The Receiver and Reliance reached a settlement resolving the remaining claims in the interpleader action. As required by state law, the settlement was submitted to the state receivership court which in turn submitted the settlement to all interested parties. The Hatches filed objections to the settlement. The receivership court denied the Hatches' objections and directed the Receiver to effect the settlement. No appeal was taken from this order. The settlement was consummated and the interpleader action was dismissed with prejudice.

14

After the denial of their petition for a writ of certiorari from the Ninth Circuit's ruling, the Hatches returned to Galveston County and filed a second state action against Reliance. The Hatches again sought recovery on the bond and further sought to have the Texas court declare the interpleader proceedings null and void. The Hatches specifically requested the state court to declare that rulings of the federal court were "based on gross errors of law by the U.S. District Court for Arizona" which were "compounded by the U.S. Court of Appeals for the Ninth Circuit." The Hatches further maintained that by denying certiorari the "U.S. Supreme Court denie[d] full judicial review" and that "the only available remedy for such injustices on the federal level is for the courts of the sovereign states of the union to reassert jurisdiction."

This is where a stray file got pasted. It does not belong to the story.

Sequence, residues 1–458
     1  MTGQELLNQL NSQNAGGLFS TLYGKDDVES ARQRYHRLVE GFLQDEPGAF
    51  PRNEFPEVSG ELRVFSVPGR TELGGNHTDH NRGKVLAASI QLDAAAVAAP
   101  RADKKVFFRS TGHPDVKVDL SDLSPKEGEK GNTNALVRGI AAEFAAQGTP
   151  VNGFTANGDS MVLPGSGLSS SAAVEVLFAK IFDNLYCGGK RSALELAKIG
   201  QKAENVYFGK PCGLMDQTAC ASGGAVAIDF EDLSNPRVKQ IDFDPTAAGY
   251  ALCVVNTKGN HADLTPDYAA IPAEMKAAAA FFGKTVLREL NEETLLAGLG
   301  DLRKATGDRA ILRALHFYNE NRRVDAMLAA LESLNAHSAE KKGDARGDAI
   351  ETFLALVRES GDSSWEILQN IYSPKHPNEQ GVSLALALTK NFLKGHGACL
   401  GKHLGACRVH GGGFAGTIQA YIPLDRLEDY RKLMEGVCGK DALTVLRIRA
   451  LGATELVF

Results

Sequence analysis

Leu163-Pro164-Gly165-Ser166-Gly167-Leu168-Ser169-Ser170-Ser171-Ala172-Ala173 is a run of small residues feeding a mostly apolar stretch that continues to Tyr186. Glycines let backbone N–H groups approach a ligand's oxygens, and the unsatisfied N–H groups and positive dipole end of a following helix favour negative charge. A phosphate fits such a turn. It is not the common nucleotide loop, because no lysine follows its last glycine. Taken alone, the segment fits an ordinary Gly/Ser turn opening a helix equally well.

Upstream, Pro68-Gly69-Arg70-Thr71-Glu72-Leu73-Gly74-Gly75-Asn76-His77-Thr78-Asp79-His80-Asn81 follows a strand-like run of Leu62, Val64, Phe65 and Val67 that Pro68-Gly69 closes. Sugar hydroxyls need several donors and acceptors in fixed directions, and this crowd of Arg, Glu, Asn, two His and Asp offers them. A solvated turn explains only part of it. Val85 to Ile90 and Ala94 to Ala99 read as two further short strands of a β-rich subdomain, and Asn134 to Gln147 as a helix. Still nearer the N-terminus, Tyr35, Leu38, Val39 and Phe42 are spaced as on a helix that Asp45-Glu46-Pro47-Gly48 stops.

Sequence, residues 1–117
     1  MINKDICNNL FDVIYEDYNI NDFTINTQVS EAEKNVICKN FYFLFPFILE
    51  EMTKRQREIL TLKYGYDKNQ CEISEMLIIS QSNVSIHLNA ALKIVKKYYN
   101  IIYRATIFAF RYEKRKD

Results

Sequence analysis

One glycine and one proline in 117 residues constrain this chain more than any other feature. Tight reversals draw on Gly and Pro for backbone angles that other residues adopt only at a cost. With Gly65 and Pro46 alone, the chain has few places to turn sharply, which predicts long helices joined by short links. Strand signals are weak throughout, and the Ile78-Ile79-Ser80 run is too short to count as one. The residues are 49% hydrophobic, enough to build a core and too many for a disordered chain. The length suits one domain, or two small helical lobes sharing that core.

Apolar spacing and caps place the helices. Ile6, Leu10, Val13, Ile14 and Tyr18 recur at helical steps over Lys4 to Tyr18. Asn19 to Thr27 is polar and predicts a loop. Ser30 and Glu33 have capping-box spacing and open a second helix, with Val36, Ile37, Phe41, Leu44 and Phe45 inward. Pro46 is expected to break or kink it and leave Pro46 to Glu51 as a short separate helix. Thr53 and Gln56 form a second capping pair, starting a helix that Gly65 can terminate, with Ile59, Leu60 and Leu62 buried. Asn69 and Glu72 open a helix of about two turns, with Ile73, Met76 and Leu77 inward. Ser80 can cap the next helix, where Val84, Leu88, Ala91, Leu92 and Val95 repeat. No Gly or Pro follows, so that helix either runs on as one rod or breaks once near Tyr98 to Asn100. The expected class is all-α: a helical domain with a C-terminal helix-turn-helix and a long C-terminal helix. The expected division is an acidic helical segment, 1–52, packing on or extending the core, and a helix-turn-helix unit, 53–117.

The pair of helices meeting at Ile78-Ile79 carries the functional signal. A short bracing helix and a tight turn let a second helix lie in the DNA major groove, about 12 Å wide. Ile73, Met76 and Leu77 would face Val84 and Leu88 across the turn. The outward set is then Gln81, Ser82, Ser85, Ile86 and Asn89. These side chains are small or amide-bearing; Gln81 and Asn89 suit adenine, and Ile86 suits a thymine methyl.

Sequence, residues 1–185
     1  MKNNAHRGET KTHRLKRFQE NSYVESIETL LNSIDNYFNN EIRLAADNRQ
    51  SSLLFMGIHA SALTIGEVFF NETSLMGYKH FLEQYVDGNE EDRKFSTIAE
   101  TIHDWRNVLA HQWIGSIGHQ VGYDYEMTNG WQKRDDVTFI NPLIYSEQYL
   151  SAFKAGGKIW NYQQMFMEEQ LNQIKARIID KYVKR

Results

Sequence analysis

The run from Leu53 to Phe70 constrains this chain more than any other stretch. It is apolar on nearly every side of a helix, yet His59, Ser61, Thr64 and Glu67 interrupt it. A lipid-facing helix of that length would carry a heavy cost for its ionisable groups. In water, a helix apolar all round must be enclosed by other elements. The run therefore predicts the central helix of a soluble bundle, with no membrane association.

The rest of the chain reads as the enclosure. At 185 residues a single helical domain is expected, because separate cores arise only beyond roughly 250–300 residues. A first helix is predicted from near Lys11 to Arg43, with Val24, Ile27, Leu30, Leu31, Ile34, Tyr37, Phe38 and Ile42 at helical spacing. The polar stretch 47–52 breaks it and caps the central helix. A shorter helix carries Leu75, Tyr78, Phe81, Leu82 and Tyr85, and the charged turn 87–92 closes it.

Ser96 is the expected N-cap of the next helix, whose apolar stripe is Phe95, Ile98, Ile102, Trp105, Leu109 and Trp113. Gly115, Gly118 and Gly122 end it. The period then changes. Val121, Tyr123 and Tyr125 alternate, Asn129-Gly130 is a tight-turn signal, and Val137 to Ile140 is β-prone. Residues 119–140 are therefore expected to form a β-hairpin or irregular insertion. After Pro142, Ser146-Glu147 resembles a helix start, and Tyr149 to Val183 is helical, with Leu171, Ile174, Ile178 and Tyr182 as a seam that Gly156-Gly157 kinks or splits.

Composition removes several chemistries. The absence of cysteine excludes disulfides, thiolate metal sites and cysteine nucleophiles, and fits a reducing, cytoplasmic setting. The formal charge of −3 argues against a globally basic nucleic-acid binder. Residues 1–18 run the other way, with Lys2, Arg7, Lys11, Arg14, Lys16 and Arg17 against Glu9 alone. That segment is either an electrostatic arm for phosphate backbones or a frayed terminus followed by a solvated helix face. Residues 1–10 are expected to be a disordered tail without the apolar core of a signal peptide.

15

Reliance sought to have appellants and their counsel held in contempt of the prior order of the district court of Arizona. Reliance further sought removal of the second Galveston County, Texas action to federal district court for the Southern District of Texas. Appellants opposed removal and sought remand. The Texas district court upheld the removal and further ordered the case transferred, pursuant to 28 U.S.C. Sec. 1404(a), to the district court in Arizona. Finally, the Texas district court denied appellants leave to amend their complaint to add additional parties but granted leave to amend to remove the contemptuous claims.

16

The Hatches sought relief from the orders of the Texas district court by filing a petition for a writ of mandamus in United States Court of Appeals for the Fifth Circuit. The petition was denied. Appellants' petition for a writ of certiorari was also denied.

17